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TELEVISION REVIEW

'Nature: Why We Love Cats and Dogs'

February 14, 2009|ROBERT LLOYD | TELEVISION CRITIC

For most of us, the relational world is divided into humans, dogs and cats. There are bird people and fish people and horse people, and there are pig people and goat people, and I suppose there are moose and squirrel people. (There are bear people too, though we have seen that this is not always such a good idea.) But mostly there are dog people and cat people, and dog-and-or-cat-people.

This tripartite world is the subject of "Why We Love Cats and Dogs," a Sunday presentation of the PBS series "Nature." It's a question that can be answered by everyone who lives with a dog or cat -- I was about to write "own," but as a person who lives with cats I know better than that. Most of this hour is devoted to pictures of people with their animal pals, sitting with them, playing with them, feeding them, hanging out around the house or in the park and talking about them -- the cute and crazy things they do, but also the ways more than one person here have been saved by animals, not in the Timmy's-in-trouble, dragged-from-a-river way, but in terms of spiritual, mental and physical health.

"When I was at my bottom, it was the cat who'd wait outside that door," says a man who had a drinking problem. "It was having to look him in the eye . . . that got me to seek help." Another person dealt with HIV by visualizing his diseased cells as mice and sending his cat in after it. Conversely, a couple takes to the road with their cancer-stricken three-legged German shepherd to live out his life as constant companions, on their dog's time, in the ever-present animal now.

But this is a science series, so there are credentialed experts and fascinating facts thrown in as well. (Not that many, really.) Dogs play fair (it's called "wild justice"). Cats possess "mirror neurons" that allow them to mirror the emotions of other animals (it's "the neural basis for empathy"). They live in a "time-sharing society," and see the world not as patches of territory but as paths.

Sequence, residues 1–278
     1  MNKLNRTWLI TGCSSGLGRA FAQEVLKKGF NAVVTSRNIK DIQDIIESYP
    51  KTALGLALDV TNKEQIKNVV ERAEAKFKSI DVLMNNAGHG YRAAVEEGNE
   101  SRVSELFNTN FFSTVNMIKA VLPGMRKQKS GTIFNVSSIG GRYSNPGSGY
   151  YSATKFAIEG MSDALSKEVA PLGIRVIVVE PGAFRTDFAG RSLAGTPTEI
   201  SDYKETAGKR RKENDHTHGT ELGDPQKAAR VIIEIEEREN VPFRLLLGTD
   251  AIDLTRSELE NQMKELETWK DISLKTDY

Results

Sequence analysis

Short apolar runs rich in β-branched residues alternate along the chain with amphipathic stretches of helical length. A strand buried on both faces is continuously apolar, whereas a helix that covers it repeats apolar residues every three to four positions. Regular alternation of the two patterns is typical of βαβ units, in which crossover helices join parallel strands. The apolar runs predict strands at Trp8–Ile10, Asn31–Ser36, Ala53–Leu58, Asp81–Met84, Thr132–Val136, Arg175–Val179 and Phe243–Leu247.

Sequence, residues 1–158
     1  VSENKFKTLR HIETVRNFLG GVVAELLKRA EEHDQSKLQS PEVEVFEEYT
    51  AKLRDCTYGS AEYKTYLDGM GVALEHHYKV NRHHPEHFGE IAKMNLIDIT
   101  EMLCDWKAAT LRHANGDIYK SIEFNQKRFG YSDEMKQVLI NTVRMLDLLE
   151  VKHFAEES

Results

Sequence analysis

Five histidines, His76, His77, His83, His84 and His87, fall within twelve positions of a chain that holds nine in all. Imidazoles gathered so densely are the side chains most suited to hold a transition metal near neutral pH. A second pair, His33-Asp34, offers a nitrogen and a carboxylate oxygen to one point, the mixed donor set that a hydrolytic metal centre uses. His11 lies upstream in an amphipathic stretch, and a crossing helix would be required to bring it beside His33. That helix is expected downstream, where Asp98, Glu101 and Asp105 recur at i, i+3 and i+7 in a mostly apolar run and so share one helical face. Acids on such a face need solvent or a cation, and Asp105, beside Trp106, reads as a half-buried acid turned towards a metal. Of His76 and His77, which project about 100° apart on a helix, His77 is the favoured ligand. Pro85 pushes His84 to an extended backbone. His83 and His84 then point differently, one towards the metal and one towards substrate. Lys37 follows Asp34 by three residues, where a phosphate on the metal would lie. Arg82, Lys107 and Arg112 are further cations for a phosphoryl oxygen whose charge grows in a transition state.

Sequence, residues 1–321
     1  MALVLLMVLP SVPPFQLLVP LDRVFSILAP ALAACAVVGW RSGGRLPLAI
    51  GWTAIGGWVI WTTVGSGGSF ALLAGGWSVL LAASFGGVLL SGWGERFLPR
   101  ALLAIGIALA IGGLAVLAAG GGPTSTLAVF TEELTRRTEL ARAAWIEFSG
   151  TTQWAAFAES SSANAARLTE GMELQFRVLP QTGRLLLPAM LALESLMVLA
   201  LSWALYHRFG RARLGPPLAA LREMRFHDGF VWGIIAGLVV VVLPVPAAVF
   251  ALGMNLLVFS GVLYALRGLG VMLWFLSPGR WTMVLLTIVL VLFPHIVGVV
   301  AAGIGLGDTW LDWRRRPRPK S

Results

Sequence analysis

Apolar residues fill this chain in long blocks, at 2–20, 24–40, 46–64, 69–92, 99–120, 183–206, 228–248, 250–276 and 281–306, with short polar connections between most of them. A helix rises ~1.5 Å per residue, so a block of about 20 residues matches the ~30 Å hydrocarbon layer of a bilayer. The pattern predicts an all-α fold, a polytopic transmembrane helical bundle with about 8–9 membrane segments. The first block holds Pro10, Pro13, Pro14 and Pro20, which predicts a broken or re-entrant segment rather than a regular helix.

We spend time at a cat show, where we see that cats can be trained, and at a shelter where personality assessments are done of both adoptee and adopter in order to reduce the number of returns. Dog trainer Sarah Wilson has identified nine patterns of behavior between owners and dogs: the soul mate, the observer, the buddy, the idealist, the dynamo, the free spirit, the angel, the master and the expert -- significantly, those terms are meant to describe the humans.

"For years we have been trying to get people to train their dogs, and it hasn't helped," says Wilson. "We're missing the point entirely. It is not about that end of the leash; it is about us."

Young man on his cats: "They bring out the softer side of me. Does that sound weird?"

Young woman: "No, that doesn't sound weird. Thank God."

You'll laugh, you'll cry. If you are any sort of human at all.

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robert.lloyd@latimes.com

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'Nature: Why We Love Cats and Dogs'

Where: KCET

When: 8 p.m. Sunday

Rating: TV-G (suitable for all ages)

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